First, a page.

Nicholas Adamson (Winnipeg, Canada)
Reinhold Ponesch (Vienna, Austria)
Tamaki Kawaguchi (Osaka, Japan)
Yuuki Horiuchi (Tokyo, Japan)

Local Artists
Georg Lisek (Leipzig, Germany)
Julia Eichler (Halle, Germany)

Curator
Viviane Tabach (São Paulo, Brazil)

Assistants
Elias Emtanes (Leipzig, Germany)
Ines Alberty (London, UK)

AHS speech bubble PK

Re-View: Rutschbahn and Speech Bubble

Marking the half way point of the artists’ time at Pilotenkueche art residency, Rutschbahn, the second exhibition of Pilotenkueche round 37, opened on Friday, the 16th of November 2018 at Krudebude.  Krudebude is an unusual exhibition space set in a “Wächterhaus” – a very Leipzig concept which provides apartments and other project spaces for inexpensive rent –. This made for a intimate and friendly atmosphere throughout the evening .

The 10 participating artists were encouraged to collaborate and make use of the space and its peculiar characteristics. This was particularly visible with Buket Savci’s work Hole of Mystical Desire, which was placed in direct relation with the remains of flowered wallpaper on one of the doors;  Jan Yongdeok Lim’s installation Smoke, which appropriated the coal burning stove in one of the rooms, and Reinhold Ponesch’s RIDE MY HORNS, placed just above one of the door frames in the entrance hall in reference to the traditional placement of mounted horns.

A great number of guests arrived as soon as the clock hit 7pm, and just an hour later, everyone gathered in one of the rooms to watch Reinhold Ponesch and Tamaki Kawaguchi’s collaborative performance IT CONCERNS YOU. This was Reinhold Ponesch’s and Tamaki Kawaguchi’s first experience with performance art. It was engaging to see how fiercely emotions were portrayed by the two artists. The audience was also positively taken by surprise when encouraged to participate.

We welcomed some familiar faces, previously spotted at the artists’ first exhibitionI Accept the Cookies – who were enthusiastic to see the development of the artists’ practice from  its first work-in-progress sneak peak. New faces kept on arriving until late in the evening, and the same was visible at the finissage last Thursday, 22 November 2018. Ann-Kathrin – one of the organizers of Krudebude – was positively amazed by the show, claiming it was one of the best so far at the space, both in quality and attendance.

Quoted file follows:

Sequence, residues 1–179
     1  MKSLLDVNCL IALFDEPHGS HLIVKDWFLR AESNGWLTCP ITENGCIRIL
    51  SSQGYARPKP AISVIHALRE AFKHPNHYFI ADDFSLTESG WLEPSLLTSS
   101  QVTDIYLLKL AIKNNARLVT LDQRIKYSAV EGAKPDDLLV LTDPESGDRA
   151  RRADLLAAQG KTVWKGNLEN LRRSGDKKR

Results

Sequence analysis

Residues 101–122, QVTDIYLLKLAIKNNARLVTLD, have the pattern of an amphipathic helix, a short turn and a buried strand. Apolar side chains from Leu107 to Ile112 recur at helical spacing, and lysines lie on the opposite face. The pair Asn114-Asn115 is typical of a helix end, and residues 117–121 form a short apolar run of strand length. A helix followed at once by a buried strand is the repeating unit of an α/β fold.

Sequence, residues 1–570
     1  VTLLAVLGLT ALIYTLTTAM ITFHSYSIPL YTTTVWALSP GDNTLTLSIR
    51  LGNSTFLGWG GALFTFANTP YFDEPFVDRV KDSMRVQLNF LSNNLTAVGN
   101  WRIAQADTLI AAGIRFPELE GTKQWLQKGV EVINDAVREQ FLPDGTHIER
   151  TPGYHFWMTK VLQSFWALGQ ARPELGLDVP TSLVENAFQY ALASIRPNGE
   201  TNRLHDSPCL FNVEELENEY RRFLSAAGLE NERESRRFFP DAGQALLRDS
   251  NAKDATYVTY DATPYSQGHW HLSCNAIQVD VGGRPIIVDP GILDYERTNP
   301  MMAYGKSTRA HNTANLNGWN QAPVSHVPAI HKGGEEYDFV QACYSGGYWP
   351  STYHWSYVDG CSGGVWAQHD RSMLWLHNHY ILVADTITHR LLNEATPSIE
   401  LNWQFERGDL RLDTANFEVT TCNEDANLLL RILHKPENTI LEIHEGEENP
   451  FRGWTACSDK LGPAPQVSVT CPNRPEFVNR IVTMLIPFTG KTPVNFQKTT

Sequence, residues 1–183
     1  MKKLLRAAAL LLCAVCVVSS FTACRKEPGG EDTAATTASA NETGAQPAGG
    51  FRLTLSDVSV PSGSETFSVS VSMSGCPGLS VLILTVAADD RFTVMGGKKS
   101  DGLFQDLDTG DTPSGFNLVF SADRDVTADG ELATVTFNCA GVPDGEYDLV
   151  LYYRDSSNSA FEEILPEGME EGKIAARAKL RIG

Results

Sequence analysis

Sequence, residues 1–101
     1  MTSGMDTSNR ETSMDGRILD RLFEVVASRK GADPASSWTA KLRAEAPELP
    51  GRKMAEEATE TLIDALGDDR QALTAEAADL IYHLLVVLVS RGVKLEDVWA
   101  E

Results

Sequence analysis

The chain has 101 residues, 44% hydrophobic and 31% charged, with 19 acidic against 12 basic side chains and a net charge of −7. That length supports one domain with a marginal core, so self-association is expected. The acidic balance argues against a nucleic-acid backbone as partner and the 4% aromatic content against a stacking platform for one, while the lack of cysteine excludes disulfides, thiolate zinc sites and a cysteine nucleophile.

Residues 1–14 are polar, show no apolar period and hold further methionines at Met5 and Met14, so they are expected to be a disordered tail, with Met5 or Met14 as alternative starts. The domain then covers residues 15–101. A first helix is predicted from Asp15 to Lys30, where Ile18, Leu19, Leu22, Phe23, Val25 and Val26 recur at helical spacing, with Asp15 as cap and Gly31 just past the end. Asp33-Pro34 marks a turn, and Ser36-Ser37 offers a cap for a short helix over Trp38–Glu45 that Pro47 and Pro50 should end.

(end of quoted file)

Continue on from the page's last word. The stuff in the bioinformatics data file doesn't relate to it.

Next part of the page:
photos by Pilotenkueche  International Art Program

Just a week later, on Friday, 23 November 2018, the third exhibition of the 37th round of Pilotenkueche – Speech Bubble – opened its doors. This was the first exhibition showcasing all 14 artists, marking local artist Georg Lisek’s first exhibition of the round with the display of Mask Variation, one of the two video works that could be seen in the show.

The evening began with a welcome speech by Barbara Röhner, owner of Alte Handelsschule and organizer of its exhibition space, followed by words from curator Viviane Tabach. For the curator, this show marks a turning point in the artists’ creative journey at the residency, where they can naturally invent their spaces within the large floor areas of the space, as well as its high ceilings. The artists finally have the freedom to exhibit some of the larger works that have been behind the studio walls, anxiously awaiting their moment. There was also space to develop site-specific work, as Luca Arboccò so rightly did. 

Before reaching the second floor where the exhibition takes place, visitors were surprised by flashing colours on their right as they walked up the stairs. As they followed this intriguing set of blue and purple lights, they found the first piece from the exhibition, No Broken Mirrors Shift Between Our Glance, by Nicholas Adamson. At first just a broken chair carefully laid on the floor, once the visitors moved closer and engaged in the space, they could see a mirror below the chair, reflecting an oil painting of a clown.

 

photos by Pilotenkueche  International Art Program

As the visitors continued up the stairs, they were intoxicated by the sound of Izabela Kałduńska’s music performance “The New Solarism” as they entered the exhibition space. Sitting in harmony amid Finn Curry and David Benarroch’s sculptures, the audience was treated to an hour long experimental performance that shifted between loops of classical violin arrangements and other sounds such as tearing paper, taps on wood and voice. 

Some visitors were noticed exploring the processes of Jan Yongdeok Lim’s Draainweg series through touch, which was interestingly unusual; others were intrigued by Barry Amey’s pieces and their reflection of colour on the wall, and curiously placed their hands behind the pieces to sense their heat – or as they then discovered, the lack of it – in an attempt to explore if they conveyed any light. For many guests, the most striking pieces were Julia Eichler’s Borderwallprototype I and II, for their materiality and playfulness; discovering they are relatively light, considering appearing heavy.

As the evening progressed, the guests grew comfortable – some sat in each corner of the room discussing the different works on view, and others laid on the floor next to Ai Ikeda’s piece Reassembling Matters, almost blending in with the ropes, kraft and waste papers.

These were two nights to remember and we cannot wait to meet again at the most awaited of all exhibitions –  the final one.